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Travel tips

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Travel can be one of the joys of life - and sometimes a necessity - but if you are coping with a bladder control problem or soiling, it can be an anxious time. Planning ahead will help prevent embarrassment and hassles and make your trip so much more enjoyable. 

Out and about: travel checklist

  • 6-8 weeks in advance of your trip discuss your travel plans with your GP. Depending on your destination you may need vaccinations or booster shots.
  • Talk to your doctor about medicines to take away with you. Do you need prescription medicines or products for constipation, vomiting or diarrhoea? Keep your medicines in their original packaging when travelling overseas.
  • Book early and advise your agent of your needs. Book seats on the aisle, near a toilet or near the front of the bus/plane (where you can exit quickly).
  • Plan each stage of your trip accordingly. If you wear absorbent pads for bladder leakage, allow an extra supply for unexpected delays.
  • Check about possible extra luggage allowance when booking if you're taking a large supply of continence products.
  • Inform airline staff of your needs so you can board the plane first. You'll be able to calmly organise and arrange your continence products, clothing and carry-on luggage.
  • Choose clothes in dark colours (to disguise any leakage) that are easy to remove and comfortable to wear (elastic waists, track pants or longer, loose-fitting tops).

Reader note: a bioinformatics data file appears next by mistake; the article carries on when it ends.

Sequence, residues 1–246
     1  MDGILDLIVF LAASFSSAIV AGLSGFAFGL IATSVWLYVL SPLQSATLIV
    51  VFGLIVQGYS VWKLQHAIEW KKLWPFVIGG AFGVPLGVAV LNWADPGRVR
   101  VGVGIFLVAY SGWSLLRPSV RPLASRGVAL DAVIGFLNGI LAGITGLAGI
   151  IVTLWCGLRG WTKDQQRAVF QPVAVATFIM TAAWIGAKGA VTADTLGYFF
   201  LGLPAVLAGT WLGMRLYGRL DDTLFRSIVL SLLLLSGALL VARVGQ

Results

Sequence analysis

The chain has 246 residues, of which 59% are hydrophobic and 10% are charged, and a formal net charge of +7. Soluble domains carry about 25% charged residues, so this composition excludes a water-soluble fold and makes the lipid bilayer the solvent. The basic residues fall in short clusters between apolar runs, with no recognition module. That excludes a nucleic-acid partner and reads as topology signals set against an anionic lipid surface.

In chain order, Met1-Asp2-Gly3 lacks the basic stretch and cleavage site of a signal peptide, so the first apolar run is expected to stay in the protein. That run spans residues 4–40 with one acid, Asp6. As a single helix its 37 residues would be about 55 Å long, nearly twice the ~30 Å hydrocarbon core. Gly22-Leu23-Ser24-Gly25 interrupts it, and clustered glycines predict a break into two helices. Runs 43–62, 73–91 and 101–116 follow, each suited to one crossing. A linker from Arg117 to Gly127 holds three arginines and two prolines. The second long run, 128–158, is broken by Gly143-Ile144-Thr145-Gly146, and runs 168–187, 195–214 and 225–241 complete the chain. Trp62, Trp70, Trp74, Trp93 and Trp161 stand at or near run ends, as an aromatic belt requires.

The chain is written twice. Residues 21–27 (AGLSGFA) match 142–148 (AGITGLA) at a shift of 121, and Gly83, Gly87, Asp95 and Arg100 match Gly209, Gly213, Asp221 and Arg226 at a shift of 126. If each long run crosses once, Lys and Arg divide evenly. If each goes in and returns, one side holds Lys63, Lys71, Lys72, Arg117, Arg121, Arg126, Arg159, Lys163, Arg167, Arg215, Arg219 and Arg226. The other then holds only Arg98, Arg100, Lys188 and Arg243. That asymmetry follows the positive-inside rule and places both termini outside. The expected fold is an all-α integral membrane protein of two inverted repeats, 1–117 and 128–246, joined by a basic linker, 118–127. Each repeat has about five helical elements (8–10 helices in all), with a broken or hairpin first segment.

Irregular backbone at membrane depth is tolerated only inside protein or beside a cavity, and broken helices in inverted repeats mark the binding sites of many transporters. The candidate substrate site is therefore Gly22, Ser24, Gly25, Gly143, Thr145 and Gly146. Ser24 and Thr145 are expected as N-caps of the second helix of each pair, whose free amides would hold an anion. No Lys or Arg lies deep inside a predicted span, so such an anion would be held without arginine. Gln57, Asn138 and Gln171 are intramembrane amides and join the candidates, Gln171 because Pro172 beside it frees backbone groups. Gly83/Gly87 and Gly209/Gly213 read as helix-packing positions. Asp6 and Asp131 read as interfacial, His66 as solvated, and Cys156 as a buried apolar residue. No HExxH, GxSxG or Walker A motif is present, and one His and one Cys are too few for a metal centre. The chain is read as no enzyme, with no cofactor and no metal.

• For women travelling in the tropics, a sarong is handy to hide a leakage accident. It can also be placed on a chair. A jacket or cardigan can be tied around the waist to disguise an accident.
  • Take along a small toilet bag in your carry-on bag, plus a change of clothing. Disposable wipes are handy generally and especially good for faecal incontinence.
  • Drink plenty of ‘good' fluids (water is best) as air conditioning is dehydrating. Don't be tempted to cut down on fluids to reduce urine leakage as it can actually make things worse.
  • Eat light meals so you won't feel uncomfortable, bloated or queasy. Your digestion and body clock can be upset when travelling.
  • Avoid bladder irritants such as coffee, tea, alcohol, chocolate drinks, fizzy soft drinks and sports drinks. Spicy or acidic foods are best avoided too.
  • Stretch and walk as much as you can, to help with circulation and digestion. Seated exercises (like those recommended by airlines) are good.

For car travel within Australia, planning your toilet stops can ease anxiety, the National Public Toilet Map is a great resource.

If you are caring for someone with bladder or bowel problems, practical tips and advice are available to assist you with your care. Read more on caring with someone with incontinence.